View Finder: Alas, poor Presto, we hardly knew ye

Nick Broughall 3 February 2017

presto is closed

In this week's View Finder we bid a fond farewell to the magical streaming service that failed, and dream about Netflix mind control.

And so it was a with a whimper earlier this week that Foxtel's unsuccessful streaming platform Presto officially went offline. It's never a happy day when a company shutters its doors, and the reality is that while Presto was never really armed with the technology or resources to throw down as a real challenger to Netflix, its presence went a long way to helping establish the current video streaming marketplace.

Right now, if you point your browser at the Presto website you will instead be redirected to a transition offer to Foxtel Play (now Foxtel Now). And while Foxtel Play has itself improved dramatically as a platform over the years, it's still a substantially more complicated offering than Presto was for a number of users.

So, let's take a moment to remember Presto for its accomplishments. It was a bit of a surprise when it was first announced, really, and while it was very obviously a pre-emptive strike against Netflix, it managed to kickstart the conversation on streaming in a way that Quickflix never could.

It had teething issues to be sure – when it launched at $20 a month for a subscription exclusively offering standard definition movies, many people thought they were having a laugh. It may have even inspired some people to sign up to Netflix US with a VPN.

But as time went on the price came down, TV shows were added to the mix and high definition content even joined the party.

When Netflix launched in Australia, Presto upped its marketing campaign significantly. The service was extremely generous with its free trials - you could go for months without having to pay simply by stacking your Presto trial offers, from the one we offered here on finder to the ones on the back of shop-a-dockets. That decision no doubt went a long way to help boosting the entire segment, not just the Presto brand.

But in the end, marketing wasn't enough to save the platform. The decision to pull the plug on Presto must have been hard, but in the end it was the right one.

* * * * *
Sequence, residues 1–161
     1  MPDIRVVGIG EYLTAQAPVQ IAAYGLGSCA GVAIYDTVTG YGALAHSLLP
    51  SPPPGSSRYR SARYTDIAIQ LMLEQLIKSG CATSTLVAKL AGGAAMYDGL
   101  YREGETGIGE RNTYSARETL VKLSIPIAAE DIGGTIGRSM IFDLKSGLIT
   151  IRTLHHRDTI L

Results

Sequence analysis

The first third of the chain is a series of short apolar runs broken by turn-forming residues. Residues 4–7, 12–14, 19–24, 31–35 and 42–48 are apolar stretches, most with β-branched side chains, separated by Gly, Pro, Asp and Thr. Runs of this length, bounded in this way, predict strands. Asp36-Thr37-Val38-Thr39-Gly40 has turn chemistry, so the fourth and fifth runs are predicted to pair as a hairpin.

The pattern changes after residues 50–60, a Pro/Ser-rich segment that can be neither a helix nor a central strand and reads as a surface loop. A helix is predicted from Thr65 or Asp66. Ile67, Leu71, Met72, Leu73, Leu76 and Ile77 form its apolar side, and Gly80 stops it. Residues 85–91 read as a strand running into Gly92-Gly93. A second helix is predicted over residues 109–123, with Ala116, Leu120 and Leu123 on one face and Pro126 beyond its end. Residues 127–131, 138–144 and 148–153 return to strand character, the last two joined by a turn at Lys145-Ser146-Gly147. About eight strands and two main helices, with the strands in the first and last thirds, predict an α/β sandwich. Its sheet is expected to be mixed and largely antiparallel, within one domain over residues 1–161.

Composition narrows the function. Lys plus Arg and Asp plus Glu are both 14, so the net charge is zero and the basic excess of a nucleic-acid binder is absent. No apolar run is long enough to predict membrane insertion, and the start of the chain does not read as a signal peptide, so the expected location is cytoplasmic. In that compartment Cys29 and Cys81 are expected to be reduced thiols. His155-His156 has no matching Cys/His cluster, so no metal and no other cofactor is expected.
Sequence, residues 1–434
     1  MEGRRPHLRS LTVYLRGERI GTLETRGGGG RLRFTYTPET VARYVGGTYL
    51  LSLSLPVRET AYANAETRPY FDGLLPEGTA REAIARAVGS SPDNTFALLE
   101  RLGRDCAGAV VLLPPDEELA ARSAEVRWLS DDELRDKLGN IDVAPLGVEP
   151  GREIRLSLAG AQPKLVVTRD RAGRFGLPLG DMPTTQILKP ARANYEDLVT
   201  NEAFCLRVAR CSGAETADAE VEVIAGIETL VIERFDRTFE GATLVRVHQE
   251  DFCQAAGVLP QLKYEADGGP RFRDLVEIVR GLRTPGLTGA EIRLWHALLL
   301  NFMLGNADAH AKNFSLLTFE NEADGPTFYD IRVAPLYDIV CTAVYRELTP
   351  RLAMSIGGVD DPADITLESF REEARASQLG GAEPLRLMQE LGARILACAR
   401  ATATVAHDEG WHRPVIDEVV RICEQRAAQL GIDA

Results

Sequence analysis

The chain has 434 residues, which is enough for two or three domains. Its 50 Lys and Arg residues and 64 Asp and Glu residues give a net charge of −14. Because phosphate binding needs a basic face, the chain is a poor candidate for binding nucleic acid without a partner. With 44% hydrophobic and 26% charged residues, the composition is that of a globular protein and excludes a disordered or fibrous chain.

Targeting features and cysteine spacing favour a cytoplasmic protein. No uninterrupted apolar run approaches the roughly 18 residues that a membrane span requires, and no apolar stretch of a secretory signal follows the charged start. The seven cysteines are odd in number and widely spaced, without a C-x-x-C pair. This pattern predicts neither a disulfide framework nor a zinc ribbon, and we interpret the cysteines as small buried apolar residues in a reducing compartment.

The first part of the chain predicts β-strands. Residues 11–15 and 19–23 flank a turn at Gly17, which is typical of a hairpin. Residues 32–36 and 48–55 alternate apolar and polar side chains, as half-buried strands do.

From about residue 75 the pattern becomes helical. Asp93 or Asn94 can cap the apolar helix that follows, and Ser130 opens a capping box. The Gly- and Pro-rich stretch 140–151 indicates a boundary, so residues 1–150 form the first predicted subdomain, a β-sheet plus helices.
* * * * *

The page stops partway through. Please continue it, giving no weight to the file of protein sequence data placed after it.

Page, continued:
Speaking of magic...

It seems that twice a year the staff at Netflix hold hack days, where the engineers get to play around with cool ideas rather than just working on delivering the epic platform we all know and love today. And at the most recent hack day, it appears some of the team decided to dive into the brave new world of mind control.

The result? A possible solution to the maddening problem of laziness. Using a Muse "brain-sensing" headband, the team involved were able to control the Netflix app using minor head movements and the power of thought.

The video shows them having a lot of fun with this, but the reality is that there are some real potential use cases for this technology, the most obvious being as a control mechanism for people with physical disabilities.

Interestingly, the mind control wasn't the only amazing hack. There was also a Picture-in-Picture functionality that lets you see what other users on your account are watching, so you can be sure your kids aren't secretly streaming stuff they shouldn't be watching.

Get streaming this week

Things are super exciting in streaming land this week. For a start, Foxtel Play has FX's Legion all set to premiere, which promises to be an epic and unique take on comic book television.

There's also Santa Clarita Diet, the Drew Barrymore zombie comedy dropping today, which promises to be a lot of flesh-eating fun.

But perhaps even more epic and exciting than both of those impressive new shows landing this week is the appearance of two masterpieces of 80s television on Netflix. These two shows defined a generation, before largely disappearing into the ether.

I'm talking, of course, about He-Man and She-Ra. The first season of both shows is available now on Netflix, which should keep you occupied for the weekend.


Each week, View Finder rounds up the latest news in streaming TV and movies for Australians.

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